*This is part 7 of a 13-part series. Read part 6 here. *
Clutched between the corner and back hatch of the crammed pickup, he clasps his knees, sinks his head low, and sings. At first a faint sound but ever-so-quickly it grows; so the smile across his brothers face.
It’s the Imperial March from Star Wars.
“Well, pop culture travels far” I think to myself before steadying my posture as the car curves around the mountainous road that leads through the Sierra Gordas outside Jalpan de Serra. The soundtrack continues as we dash through Pinol de Amoles, a small mountain village in Queretaro state.
A little outside of town, among the scented air of the conifer trees, we pull over to the shoulder of the highway. The dad heads over the to a food stall, “these” he says while handing us a bag, “are the most delicious apples in the world.”
They’re sweet but they’re tiny, and because of their size became undesirable to a larger market. Chilean and North Mexican exports caused an economic downturn here — a very kind way of saying that babies ate less — so a bunch of people came together to form a cooperative. The much-sweeter apples were turned into much-sweeter juice that became boxed up, marketed, and sold to stores all over Mexico and in parts of the United States.
A (delicious) success and one that we savor with tiny nibbles as we head toward San Miguel de Allende. In many ways, this is a perfect way to arrive.
It’s perfect because hitch-hiking was emblematic of the Beat Generation lifestyle. The freedom to drive across country and pick up strangers or hop on a train headed west was memorialized in books like Jack Kerouac’s On the Road and poems like Allen Ginsberg’s “The Green Automobile”. The beat ethos, with its infectious enthusiasm for life, led many in this cadre of creatives to travel far and wide.
the only people for me are the mad ones, the ones who are mad to live, mad to talk, mad to be saved, desirous of everything at the same time, the ones who never yawn or say a commonplace thing, but burn, burn, burn like fabulous yellow roman candles exploding like spiders across the stars.
- Jack Kerouac, On The Road
One of the most beloved Muses of the beats, a guy with tremendous joie de vivre, had to be Neal Cassady. He was the inspiration behind Dean Moriarty in Kerouac’s famous novel and most certainly one of the “mad ones”. But madness can’t be sustained for ever and on a cold night in February 1968, he sauntered down an empty train track just outside of town and collapsed.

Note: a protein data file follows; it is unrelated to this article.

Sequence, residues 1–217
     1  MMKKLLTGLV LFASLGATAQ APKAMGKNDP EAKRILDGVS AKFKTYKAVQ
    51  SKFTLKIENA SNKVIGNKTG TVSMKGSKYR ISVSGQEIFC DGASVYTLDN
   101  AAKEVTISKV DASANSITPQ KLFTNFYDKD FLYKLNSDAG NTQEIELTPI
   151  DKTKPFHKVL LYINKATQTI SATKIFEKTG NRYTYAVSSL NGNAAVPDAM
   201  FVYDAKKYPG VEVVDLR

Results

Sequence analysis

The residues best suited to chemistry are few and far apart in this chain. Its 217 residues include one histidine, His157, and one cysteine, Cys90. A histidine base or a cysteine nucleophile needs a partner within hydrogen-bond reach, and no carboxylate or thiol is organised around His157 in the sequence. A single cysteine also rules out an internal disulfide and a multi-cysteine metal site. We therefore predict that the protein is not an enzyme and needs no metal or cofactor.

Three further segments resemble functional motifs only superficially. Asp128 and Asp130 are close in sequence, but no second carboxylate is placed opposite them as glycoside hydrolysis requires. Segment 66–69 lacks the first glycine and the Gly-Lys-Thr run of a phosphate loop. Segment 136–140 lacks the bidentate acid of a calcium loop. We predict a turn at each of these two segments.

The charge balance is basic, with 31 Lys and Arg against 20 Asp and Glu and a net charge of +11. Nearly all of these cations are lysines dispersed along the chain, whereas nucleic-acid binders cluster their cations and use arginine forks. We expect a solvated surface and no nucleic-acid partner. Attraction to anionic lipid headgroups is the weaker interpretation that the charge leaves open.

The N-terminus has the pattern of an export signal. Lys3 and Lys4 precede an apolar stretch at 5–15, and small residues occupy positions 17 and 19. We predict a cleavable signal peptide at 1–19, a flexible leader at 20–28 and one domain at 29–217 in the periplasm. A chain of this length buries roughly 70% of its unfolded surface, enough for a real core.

Things have changed a bit since the bohemian days of the late 60s and 70s, but it still attracts a large number of expats — many of whom had formative experiences during that time. So much, in fact, that it has the second largest English-language library in all of Mexico and is riddled with endless charges of “Disneyfication.”
San Miguel de Allende, a UNESCO World Heritage Site, is filled with artists, writers, expats and retirees, who walk, glide, and hobble between the ochre and orange walls of this colonial treasure.
The allure of continual movement can be intoxicating but, as many know, intoxicants can make you sick. Travel insurance worries kept S. a bit wary of the doctors, but eventually she caved in. The grand total for a consultation, prescription, and medicine was… less than $10 USD! (It seems the US in that USD could learn quite a bit from this approach.)
After a few days of lying about, we head for Guanajuato.
Trying to find the edge of town, S. walks into an Oxxo and attempts to ask “where is the bridge?” (Donde esta la puente?) but ends up, no doubt due in part to sickness, “where is the bitch?” (Donde esta la puta?). I’ve never seen eyebrows furrow so quickly on a person as the confused clerk replies “Como?”
I guess we’ll have to find it on our own.